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Gallup poll says TV is first for news, the internet is second, print a distant third

The broadcasting industry may be in the throes of disruption due to cord-cutting and other emerging trends, but television is still the number one source of news for most Americans, according to a new Gallup poll of news consumption habits — followed fairly closely by the internet. The number of people who say that they get their news primarily from printed newspapers or radio, meanwhile, comes in at single-digit levels.

When asked to answer an open-ended question about where they get their news, 55 percent of those surveyed by the polling firm mentioned TV news, with 8 percent mentioning Fox News specifically and 7 percent mentioning CNN as a preferred source, and 4 percent choosing “local TV news.” Meanwhile, 21 percent of those Gallup surveyed said that the internet was their main source of news — with 2 percent of that group mentioning Twitter, Facebook or social media as their number one source.

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The number of people who chose the internet as their primary source for news was more than twice as large as the number who said print newspapers and magazines were their main source: just 9 percent of those surveyed chose print, with 1 percent specifically mentioning the New York Times or the Wall Street Journal as their preferred source. Of course, many of those who chose the internet could have been referring to a newspaper’s website as their source — the survey didn’t break those numbers out.

The only thing that is doing worse than print when it comes to the share of people’s news consumption is radio: just 6 percent of those surveyed by Gallup said they primarily get their news from radio, with one percent mentioning National Public Radio and one percent choosing talk radio as their main source.

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Not surprisingly, the percentage of people who chose the internet vs. print changed fairly dramatically depending on the age of the respondent: in the 30-49 age group, almost 30 percent said the internet was their main source of news, while just 6 percent chose print. In the older group — 65 and over — just six percent chose the internet and almost 20 percent chose print.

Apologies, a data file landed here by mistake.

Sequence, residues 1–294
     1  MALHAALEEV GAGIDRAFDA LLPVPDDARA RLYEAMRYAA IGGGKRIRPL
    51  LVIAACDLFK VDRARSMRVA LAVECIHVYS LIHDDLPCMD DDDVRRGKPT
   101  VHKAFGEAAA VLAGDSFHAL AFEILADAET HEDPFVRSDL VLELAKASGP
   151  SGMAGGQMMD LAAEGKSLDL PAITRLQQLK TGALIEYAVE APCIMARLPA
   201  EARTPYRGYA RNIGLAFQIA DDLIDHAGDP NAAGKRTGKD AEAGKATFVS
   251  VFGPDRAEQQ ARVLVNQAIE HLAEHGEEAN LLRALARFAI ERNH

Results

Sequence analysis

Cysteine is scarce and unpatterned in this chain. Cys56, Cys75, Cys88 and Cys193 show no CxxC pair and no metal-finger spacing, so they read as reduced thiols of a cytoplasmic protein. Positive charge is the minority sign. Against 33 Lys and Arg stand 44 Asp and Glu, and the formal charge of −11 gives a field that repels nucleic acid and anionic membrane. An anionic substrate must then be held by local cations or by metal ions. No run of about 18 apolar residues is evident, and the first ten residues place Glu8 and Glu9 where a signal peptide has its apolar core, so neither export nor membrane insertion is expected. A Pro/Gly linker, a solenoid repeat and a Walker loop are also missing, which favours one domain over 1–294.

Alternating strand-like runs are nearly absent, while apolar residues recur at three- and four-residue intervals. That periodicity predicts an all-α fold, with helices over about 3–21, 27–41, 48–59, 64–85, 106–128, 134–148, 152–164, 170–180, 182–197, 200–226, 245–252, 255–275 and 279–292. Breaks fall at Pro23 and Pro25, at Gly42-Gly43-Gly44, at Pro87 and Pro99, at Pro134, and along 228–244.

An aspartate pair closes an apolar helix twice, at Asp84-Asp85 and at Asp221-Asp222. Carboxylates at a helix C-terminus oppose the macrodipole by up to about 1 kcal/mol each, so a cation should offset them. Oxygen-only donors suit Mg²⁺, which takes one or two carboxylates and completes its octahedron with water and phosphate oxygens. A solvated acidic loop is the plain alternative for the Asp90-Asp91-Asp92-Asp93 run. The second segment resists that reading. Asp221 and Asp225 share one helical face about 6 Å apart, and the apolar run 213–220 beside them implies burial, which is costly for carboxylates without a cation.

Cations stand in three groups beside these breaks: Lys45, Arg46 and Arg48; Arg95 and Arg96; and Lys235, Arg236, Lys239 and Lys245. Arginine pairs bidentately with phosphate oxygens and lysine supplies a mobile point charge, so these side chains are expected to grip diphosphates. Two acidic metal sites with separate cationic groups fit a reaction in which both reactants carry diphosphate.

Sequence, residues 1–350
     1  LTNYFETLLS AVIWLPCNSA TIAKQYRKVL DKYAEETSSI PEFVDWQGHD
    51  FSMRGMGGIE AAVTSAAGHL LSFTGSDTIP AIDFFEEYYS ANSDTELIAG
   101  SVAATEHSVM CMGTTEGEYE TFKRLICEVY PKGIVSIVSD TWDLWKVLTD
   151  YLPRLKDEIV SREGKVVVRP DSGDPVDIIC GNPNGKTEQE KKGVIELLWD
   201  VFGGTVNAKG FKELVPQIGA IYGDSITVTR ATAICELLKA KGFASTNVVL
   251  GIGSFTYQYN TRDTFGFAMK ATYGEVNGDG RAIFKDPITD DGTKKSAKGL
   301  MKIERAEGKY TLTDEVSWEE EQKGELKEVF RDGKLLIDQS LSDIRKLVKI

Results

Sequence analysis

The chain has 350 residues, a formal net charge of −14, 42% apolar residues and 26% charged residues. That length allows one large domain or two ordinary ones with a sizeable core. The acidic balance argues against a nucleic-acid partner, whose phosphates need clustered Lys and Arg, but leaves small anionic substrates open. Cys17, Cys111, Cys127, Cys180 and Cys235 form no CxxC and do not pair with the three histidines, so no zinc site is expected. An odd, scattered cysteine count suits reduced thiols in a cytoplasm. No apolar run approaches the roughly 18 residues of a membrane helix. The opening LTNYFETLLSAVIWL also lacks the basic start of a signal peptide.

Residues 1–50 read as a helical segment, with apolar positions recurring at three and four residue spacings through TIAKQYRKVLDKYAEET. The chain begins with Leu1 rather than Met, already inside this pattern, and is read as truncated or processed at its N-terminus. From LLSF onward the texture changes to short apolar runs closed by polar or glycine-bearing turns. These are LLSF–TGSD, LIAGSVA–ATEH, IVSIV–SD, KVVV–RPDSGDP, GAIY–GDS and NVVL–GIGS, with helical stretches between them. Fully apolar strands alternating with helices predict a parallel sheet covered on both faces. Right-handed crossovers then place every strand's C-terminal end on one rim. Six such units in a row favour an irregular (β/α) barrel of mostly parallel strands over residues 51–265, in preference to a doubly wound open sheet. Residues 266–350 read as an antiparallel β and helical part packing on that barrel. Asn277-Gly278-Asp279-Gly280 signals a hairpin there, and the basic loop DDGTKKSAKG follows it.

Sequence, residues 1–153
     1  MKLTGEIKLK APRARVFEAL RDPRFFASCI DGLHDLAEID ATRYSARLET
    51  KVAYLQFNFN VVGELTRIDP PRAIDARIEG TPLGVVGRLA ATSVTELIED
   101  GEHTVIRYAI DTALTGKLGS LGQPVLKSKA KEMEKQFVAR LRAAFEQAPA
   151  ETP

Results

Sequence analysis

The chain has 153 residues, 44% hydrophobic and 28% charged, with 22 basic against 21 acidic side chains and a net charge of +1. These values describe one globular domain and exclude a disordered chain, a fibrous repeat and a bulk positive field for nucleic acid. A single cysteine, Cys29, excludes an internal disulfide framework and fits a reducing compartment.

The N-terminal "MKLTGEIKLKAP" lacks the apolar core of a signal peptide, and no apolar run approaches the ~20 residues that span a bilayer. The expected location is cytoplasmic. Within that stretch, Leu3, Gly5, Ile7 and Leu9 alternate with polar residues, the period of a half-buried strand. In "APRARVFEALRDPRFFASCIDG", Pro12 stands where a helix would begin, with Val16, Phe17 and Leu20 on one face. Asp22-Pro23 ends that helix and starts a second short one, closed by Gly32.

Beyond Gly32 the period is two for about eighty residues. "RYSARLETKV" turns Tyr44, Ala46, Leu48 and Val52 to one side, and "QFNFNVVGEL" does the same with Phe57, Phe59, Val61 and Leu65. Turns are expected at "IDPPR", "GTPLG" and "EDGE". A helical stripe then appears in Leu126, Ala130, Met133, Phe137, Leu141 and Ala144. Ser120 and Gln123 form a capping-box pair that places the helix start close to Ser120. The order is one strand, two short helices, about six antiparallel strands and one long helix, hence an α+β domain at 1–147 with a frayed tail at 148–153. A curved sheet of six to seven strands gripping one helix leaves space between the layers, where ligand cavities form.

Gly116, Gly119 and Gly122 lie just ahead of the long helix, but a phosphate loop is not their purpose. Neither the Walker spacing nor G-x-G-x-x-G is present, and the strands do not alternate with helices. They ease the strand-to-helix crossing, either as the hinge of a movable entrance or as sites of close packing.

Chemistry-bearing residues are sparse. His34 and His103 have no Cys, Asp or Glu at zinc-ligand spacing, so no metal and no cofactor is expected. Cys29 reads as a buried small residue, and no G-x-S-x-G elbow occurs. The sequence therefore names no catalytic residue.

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Gallup said that this was the first time they had asked such an open-ended question about where Americans get their news, but noted that in 1957 the polling company asked survey respondents which they would find most difficult to give up — radio, television, the newspaper, or magazines. About 45 percent of those who answered said TV would be the hardest, followed by newspapers at 27 percent and radio at 21 percent.

Although the numbers are different, the Gallup poll’s broad trends are similar to those found in other surveys about news consumption such as the Pew Research Center for the People and the Press, which released a large study last year that showed TV news and print newspapers were declining in popularity as a news source, particularly with younger consumers.

Post and thumbnail images courtesy of Shutterstock / Ruggiero Scardigno

4 Responses to “Gallup poll says TV is first for news, the internet is second, print a distant third”

  1. Good news for television, not surprising yet sad for print. Not surprising that radio fares so poorly. Too few broadcast owners do the level of quality newsgathering that was done decades ago. Some radio stations do no news at all.

  2. This can be encouraging or troubling, depending upon your point of view. TV news is abysmally incomplete and oriented towards sensationlism. Its coverage of politics and the economy is awful.

    The problem with online content as a news source is that people tend to lock onto preferred providers and don’t see or expose themselves to anything else. No wonder the Times and the WSJ are mentioned so often. (This applies to TV as well, with Fox and CNN capturing most viewers’ attention).

    Radio, if it weren’t for NPR, would be news-free.

    That leaves publications — newpapers, especially. I still like to read a newpaper or two every day, but online, and I suspect most people are trending in that direction. Increasingly, however, local papers appear to have given up coverage of lots of subjects: education, business, arts & culture, politics, etc., in favor of “lifestyle” articles and endless feature stories.

    For a news junkie, there’s more sources than ever before, except they’re not in the places we used to frequent.